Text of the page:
There are five 1/4-20″ threads on the Cine8. One on each side of the unit, and three on the bottom. Notice the lack of attention to detail. The F1 and F2 buttons are not even labeled in a nice straight, orderly fashion. Again, this is was an early pre-production version, so these issues may well have been fixed.

Weight & Size

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The weight of the Cine8 is 2.62 lb (1.19 kg). This does make it quite heavy. In comparison, the SmallHD Cine 7″ On-Camera Monitor with Bolt 4K Receiver weighs in at 20 oz (567g).


The Cine8 has the following physical buttons:

  • Power On/Off
  • Three Functions buttons (F1,F2,F3)

The three function buttons can be assigned in the menu. There is a wide array of monitoring tools to choose from.

The function buttons are located on either side of the monitor.

The actual control interface is all touchscreen and the display layout looks similar to those of Atomos devices.

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Vaxis calls their operating system Cine OS. While I quite like the operating system, the touch response can be very laggy or not work at all. I got very frustrated using it at times as I couldn’t even turn on or off certain functions or make changes. The touchscreen functionality is nowhere near as good or as easy to use as the SmallHD monitors or Atomos devices. This is a real pity, because the operating system is quite well laid out. Again, this was a pre-production version so I would hope that Vaxis has now fixed these issues.

While there are quite a lot of parameters you can control. You can also zoom in on the image by moving two fingers in a scissor motion.

Monitoring Tools

The Cine8 has the following monitoring assist tools:

  • Histogram
  • Waveform
  • RGB-Wave
  • Vectorscope
  • Peaking
  • Zebras
  • False Color
  • Monochrome
  • Scale
  • Anamorphic De-squeeze
  • Safe Area
  • Frame Markers

With your scopes, there is no way of moving them around or changing the size. There are controls for opacity and density, but these didn’t appear to be working.

With false color, you can individually activate the different IRE color levels if you choose. This is quite interesting and something I haven’t personally seen done before. Having this functionality allows you to quickly see if skin tone levels are correct or even just select the IRE level to see if something is clipping.

The only problem with the false color scale is you have no idea what camera the IRE levels have been mapped to.

With peaking, you can select a range of colors and also select the intensity level.

When it comes to zebras you can set the minimum and maximum ranges in the form of a %.

There are image markers you set, but strangely these are limited to 16:9, 15:9, 14:9, 13:9, and 4:3. There are no options for 2.35:1, 2.39:1, etc. You can change the width and color of the markers.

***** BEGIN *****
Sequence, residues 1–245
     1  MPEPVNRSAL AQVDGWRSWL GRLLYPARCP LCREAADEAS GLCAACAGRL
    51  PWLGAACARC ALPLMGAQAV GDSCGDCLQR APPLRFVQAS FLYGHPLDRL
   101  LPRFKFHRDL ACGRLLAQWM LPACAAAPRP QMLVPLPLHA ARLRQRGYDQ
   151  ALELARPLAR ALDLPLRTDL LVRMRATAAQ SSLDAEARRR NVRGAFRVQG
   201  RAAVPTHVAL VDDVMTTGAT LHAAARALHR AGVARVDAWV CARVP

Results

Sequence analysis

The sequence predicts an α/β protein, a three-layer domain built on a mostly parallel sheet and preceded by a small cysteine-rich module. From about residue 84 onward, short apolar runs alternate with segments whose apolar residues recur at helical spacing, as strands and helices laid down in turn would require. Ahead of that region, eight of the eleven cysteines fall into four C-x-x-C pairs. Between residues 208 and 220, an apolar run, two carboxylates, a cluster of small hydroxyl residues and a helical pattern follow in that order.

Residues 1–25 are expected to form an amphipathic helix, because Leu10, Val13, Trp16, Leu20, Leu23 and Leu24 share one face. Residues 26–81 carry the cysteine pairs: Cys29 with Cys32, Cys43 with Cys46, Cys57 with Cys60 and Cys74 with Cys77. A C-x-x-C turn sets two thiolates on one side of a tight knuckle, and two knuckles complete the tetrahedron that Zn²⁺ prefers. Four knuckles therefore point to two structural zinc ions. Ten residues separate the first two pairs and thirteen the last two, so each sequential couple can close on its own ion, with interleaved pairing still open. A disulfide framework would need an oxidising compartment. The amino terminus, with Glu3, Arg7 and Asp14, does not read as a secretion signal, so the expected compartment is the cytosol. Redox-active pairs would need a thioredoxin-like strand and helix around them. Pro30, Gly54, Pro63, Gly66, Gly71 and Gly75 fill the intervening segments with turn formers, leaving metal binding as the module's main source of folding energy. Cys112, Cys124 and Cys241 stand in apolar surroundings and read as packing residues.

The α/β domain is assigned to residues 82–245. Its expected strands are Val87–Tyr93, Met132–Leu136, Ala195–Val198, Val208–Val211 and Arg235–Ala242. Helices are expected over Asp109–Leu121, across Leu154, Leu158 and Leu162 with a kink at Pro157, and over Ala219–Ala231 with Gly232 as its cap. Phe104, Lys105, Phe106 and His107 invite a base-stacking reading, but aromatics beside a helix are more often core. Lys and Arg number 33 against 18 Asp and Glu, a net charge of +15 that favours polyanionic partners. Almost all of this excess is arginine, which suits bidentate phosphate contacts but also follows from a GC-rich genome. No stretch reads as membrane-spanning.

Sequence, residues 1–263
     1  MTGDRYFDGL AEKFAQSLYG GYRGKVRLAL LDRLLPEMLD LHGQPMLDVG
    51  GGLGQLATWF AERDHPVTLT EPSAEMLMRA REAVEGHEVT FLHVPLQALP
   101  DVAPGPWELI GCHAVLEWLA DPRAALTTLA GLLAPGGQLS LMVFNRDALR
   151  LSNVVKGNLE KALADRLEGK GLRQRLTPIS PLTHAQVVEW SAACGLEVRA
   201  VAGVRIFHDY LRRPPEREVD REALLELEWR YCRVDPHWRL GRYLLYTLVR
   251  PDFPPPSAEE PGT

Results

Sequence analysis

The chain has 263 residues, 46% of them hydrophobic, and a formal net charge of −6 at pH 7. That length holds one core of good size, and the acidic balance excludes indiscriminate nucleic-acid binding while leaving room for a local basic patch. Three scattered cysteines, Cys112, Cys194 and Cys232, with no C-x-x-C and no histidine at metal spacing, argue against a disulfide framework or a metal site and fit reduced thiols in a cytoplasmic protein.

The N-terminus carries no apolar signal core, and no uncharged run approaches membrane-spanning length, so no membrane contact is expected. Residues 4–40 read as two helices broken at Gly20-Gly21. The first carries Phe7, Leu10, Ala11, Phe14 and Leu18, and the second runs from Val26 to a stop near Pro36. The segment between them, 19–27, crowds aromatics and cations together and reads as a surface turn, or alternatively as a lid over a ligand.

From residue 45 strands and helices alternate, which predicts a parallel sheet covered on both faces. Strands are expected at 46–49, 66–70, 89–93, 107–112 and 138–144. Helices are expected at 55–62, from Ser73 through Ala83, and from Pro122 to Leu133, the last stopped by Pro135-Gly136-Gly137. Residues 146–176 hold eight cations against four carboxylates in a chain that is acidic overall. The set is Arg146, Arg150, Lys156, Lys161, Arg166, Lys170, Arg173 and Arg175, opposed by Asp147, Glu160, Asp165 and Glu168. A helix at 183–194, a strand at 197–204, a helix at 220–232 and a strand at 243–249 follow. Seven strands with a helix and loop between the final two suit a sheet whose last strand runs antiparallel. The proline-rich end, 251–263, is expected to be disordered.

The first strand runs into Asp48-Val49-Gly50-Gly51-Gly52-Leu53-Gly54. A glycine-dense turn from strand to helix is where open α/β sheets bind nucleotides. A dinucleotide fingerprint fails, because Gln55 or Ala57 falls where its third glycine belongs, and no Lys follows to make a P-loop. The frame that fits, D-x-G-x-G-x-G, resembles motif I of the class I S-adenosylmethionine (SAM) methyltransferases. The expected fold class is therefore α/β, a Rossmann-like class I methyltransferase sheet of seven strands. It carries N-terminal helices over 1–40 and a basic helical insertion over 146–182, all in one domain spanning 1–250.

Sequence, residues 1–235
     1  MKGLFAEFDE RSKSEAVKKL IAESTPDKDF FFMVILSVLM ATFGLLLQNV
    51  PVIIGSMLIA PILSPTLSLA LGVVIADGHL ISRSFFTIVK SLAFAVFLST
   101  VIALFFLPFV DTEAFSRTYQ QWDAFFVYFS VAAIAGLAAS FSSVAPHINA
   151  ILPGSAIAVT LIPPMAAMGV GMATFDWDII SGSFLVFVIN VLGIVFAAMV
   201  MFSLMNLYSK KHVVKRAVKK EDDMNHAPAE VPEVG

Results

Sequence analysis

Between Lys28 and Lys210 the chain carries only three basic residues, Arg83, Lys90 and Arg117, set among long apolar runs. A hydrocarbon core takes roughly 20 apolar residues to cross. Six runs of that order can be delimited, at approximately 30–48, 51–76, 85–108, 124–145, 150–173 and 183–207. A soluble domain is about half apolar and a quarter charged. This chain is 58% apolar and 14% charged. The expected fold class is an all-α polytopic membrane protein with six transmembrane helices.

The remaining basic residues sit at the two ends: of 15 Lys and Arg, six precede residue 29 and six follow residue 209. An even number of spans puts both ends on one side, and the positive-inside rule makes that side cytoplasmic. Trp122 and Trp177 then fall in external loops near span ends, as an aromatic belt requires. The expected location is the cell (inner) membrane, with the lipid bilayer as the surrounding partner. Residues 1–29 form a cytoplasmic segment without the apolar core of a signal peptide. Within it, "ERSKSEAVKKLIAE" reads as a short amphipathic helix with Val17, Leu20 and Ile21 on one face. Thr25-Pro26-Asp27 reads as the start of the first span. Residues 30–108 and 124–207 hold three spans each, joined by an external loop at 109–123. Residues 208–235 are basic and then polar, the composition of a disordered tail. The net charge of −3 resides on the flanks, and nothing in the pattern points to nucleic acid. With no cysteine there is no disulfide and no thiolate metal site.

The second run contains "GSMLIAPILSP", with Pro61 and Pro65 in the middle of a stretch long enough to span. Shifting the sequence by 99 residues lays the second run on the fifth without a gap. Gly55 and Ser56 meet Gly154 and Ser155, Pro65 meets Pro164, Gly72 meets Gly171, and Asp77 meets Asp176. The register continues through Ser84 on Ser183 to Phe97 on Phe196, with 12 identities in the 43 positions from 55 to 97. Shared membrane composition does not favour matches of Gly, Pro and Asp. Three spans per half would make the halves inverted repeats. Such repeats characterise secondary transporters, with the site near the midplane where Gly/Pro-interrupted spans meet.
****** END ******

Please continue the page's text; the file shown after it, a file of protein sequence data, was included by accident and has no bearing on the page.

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Anamorphic de-squeeze is available for 2x, 1.8x, 1.65x, 1.5x and 1.33x.

You can also select frame safe areas to use and change the color and intensity of the lines.

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There was also a Scale setting, but this didn’t appear to do anything.

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There are also overlay and capture settings available.

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If you need to you can lock the screen so the overlays don’t come up if you accidentally press the screen.

Split Screen Capability

The Cine8 has the ability to input two signals and you can view those two signals in a variety of forms. You can reposition the screens and have one screen larger than the other, etc.


Vaxis has incorporated a function they refer to as LightMeter. Basically, it is a real-time way of seeing RGB and Y,Cbr, and Cr values. This is something both Convergent Design and SmallHD have had in some of their monitors for years.

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This is a nice feature and one that I like using. You simply just touch anywhere on the monitor and where the crosshairs are is where the reading will be done.


The Cine8 comes with a range of pre-configured LUTS already installed, but you can load up your own LUTs to use as well. There is no SD card slot and unfortunately, you need to hook the monitor up to a computer via the USB-C input.

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What I like is that you aren’t just limited to being able to load up a handful of LUTs. You can load up and store as many as you like.

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The following LUTs are pre-configured:

  • V-Log
  • S-Log 3
  • S-Log 2
  • REDLog
  • Log-C
  • Log-3G10
  • C-Log


The Cine8 has the following inputs and outputs:

  • HDMI In
  • 6G SDI In
  • 6G SDI Out
  • 3.55mm Headphone Out
  • 2-pin Lemo DC In
  • USB-C
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The inputs and outputs are located in strange positions. Instead of putting them on the underside or the back of the monitor, they are all on the left and right-hand edges (apart from the USB-C which is on the bottom).

I personally didn’t find this placement very suitable. On a large monitor, the last thing you want is to take up extra real estate by having cables sticking out of the sides.